During the current times, Varia's Read & Repair days are continuing in a trans-local mode. We are trying to find the right balance between having different modes of togetherness through collective reading and sharing, while joining either through an online channel or by being present in the space in Charlois.
Varia is hosting a special edition of Read & Repair that will be split into two(!) collective reading and conversation sessions. One will be online and one will be in our physical space, as a series of events to discuss matters of abolitionist technology & community-driven systems of accountability, while generating anonymous, consensual debris for stone throw, a temporary online work to share our resources and reflections. We sought texts that are talking about what we want to learn with and about, now.
For our first session we will read from Ruha Benjamin's Race After Technology, choosing chapter 5 Retooling Solidarity, Reimagining Justice to read together. In this chapter, Benjamin examines how practitioners, scholars, activists, artists, and students are working to resist and challenge the New Jim Code (a term Benjamin uses to connect discriminatory technology with past segregationist laws in the Southern states). This chapter also offers suggestions on how to contribute to an approach to technology that moves beyond accessing new products, to advocating for justice-oriented design practices.
During the second session, we will be reading: Letters to Angela Y. Davis from within her book If They Come in the Morning ... Voices of Resistance, Yes, We Mean Literally Abolish the Police by Mariame Kaba and make use of some workshop scenarios from Critical Resistance*, a national, member-based grassroots organization that works to build a mass movement to dismantle the prison-industrial complex.
Through these texts, we aim to educate ourselves on the subject of police abolition, and learn from communities who have already imagined alternative practices of accountability.
We acknowledge that these sessions are north american-centric, but want to discuss them in the context of europe. Also, it is mostly north-american companies that own, maintain and fuel the most pervasive technologies which ultimately support police work and warfare.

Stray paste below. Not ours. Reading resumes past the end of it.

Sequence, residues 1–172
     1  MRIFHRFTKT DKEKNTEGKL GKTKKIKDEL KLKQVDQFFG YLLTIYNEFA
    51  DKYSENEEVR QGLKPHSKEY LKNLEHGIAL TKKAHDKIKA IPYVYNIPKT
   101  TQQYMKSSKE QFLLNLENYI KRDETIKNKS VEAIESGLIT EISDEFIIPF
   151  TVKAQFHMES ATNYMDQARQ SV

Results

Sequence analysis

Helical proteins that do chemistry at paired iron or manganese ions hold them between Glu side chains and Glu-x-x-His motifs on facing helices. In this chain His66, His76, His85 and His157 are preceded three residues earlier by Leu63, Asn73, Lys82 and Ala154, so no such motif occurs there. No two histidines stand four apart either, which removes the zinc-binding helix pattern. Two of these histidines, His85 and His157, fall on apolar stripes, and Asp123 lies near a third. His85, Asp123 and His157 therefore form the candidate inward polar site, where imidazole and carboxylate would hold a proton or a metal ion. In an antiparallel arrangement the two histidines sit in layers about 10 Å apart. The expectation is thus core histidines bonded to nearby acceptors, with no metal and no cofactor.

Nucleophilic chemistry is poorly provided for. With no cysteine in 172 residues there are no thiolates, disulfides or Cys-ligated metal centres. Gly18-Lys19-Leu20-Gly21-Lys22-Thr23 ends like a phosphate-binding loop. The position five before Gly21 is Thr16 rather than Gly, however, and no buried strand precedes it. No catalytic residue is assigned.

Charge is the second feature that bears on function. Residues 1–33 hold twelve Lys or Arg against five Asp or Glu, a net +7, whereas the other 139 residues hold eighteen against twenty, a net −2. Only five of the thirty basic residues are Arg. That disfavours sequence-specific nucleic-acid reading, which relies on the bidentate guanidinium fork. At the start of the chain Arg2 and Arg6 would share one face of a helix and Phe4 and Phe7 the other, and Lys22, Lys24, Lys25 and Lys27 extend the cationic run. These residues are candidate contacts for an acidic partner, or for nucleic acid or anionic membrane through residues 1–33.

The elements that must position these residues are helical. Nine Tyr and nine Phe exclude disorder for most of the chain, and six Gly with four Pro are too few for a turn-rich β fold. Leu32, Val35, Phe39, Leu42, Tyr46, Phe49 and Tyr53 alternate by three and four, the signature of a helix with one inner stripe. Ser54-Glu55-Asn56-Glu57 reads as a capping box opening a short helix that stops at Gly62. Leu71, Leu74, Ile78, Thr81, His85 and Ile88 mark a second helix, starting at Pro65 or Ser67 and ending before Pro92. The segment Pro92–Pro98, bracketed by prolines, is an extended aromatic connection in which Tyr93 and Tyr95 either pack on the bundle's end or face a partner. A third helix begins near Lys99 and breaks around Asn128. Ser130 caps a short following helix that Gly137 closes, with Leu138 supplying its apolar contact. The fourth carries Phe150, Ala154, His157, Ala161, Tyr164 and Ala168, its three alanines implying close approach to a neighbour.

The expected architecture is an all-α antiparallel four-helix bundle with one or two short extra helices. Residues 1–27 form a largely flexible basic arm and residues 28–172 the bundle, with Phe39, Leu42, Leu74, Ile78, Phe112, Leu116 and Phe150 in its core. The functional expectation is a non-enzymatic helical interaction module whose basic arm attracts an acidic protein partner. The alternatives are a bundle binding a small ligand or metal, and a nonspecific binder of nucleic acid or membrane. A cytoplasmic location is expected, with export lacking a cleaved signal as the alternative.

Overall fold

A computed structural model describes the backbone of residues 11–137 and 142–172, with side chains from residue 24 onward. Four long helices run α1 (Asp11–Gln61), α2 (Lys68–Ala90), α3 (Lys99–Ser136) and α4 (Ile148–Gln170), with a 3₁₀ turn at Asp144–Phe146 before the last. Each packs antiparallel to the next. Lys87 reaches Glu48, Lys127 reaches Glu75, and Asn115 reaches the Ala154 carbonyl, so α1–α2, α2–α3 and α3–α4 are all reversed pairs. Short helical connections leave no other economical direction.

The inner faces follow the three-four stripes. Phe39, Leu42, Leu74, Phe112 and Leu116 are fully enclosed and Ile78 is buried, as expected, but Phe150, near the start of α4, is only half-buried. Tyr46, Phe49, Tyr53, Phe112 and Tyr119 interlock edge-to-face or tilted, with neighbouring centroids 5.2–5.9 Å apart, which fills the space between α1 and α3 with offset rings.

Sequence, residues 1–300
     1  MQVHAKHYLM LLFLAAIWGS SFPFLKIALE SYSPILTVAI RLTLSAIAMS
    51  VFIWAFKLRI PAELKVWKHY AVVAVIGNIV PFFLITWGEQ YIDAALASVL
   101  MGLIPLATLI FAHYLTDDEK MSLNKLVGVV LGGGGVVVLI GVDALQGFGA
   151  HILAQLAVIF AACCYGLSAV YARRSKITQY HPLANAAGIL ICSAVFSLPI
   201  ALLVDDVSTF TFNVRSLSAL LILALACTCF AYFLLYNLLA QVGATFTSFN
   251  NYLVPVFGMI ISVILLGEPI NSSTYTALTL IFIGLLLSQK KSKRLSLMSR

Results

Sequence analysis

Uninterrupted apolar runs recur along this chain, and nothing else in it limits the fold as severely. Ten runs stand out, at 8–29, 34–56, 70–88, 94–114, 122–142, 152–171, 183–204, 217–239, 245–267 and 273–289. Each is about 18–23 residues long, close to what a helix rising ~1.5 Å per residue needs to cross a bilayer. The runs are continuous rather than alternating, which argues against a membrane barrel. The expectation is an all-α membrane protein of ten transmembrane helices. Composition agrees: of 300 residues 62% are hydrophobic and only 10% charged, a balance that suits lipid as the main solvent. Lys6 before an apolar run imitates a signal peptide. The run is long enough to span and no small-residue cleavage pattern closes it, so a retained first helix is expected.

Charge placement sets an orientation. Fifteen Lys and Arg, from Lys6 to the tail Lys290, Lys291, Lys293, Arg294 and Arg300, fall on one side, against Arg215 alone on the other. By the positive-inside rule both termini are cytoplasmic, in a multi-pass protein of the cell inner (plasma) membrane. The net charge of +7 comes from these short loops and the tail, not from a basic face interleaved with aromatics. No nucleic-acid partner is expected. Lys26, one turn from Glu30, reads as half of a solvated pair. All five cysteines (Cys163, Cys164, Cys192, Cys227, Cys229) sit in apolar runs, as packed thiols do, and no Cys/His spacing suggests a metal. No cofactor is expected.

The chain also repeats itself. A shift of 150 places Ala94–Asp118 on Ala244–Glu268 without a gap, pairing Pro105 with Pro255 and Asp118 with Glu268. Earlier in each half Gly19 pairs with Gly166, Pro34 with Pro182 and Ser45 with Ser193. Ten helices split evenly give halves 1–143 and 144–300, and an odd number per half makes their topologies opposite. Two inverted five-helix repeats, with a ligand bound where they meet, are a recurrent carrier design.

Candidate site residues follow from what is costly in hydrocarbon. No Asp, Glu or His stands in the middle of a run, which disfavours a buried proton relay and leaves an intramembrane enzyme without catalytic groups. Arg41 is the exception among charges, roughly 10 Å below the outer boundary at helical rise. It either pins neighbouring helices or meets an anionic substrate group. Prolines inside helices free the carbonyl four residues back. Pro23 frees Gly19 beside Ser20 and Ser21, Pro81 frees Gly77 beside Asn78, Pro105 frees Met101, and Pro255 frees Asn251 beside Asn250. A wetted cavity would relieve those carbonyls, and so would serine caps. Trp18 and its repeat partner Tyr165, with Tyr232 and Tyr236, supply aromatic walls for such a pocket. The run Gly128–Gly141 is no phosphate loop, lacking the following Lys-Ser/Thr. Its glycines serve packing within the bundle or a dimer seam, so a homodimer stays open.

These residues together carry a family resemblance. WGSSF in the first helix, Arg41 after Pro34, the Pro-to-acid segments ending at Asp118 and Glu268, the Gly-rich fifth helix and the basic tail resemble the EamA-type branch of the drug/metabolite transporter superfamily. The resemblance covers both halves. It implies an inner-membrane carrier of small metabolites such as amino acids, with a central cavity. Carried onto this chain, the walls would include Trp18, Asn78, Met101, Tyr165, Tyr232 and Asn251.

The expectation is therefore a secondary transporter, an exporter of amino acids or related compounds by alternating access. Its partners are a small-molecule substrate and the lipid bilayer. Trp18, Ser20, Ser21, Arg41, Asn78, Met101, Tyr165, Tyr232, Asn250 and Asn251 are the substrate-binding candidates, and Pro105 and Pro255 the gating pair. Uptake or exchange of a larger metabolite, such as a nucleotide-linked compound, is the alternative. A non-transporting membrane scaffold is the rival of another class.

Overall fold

stone throw is a pedagogical work. A collection of short essays and references presented in an online space, that will be programmed to erode over time. The writing will sit together with a sound work and scanned images that present debris from our collective reading. The visual components will only be temporarily available as they are digitally eroded and corrupted. The (our) textual material is reactive; the more it is viewed (exposed) the faster it fades away.
This work responds to a conversation, on youtube, between Seda Gürses and Florian Cramer (Crisis Education Critical Education, Artez). "How do we hack digital infrastructure to create meaningful learning environments?" stone throw is an agitation towards online infrastructures. Aware of its hypocritical position, being online, stone throw counters this by eroding itself.
It will mimic geological processes that gnaw away at rocks and physical scanning/photocopying that degrades ownership by making and discarding copies. Treating digital as natural is an attempt to challenge how our devices, as Cramer says, “control our imagination for what this media can be”.
stone throw was initiated by Amy Pickles who worked with Cristina Cochior & Julie Boschat Thorez to select the reading material for these pedagogical events. This project is made possible wth CBK PPR funds.
For more information on our reading material see here:
Thursday 23rd July 2020 w/ Ruha Benjamin's book, Race After Technology
16:00 - 18:00 online
We will be meeting, discussing and collecting our notes on this pad.
Sunday 26th July 2020 w/ texts by Angela Y. Davis, Mariame Kaba and Critical Resistance
14:00 - 16:00 in varia
This session will take place in Varia.
We are looking forward to practice careful conviviality together again! Physical presences will be protected as much as possible by adopting some security measures: max 12 people are allowed in the space with 1.5 meter distance between them. Hand gel and masks are available.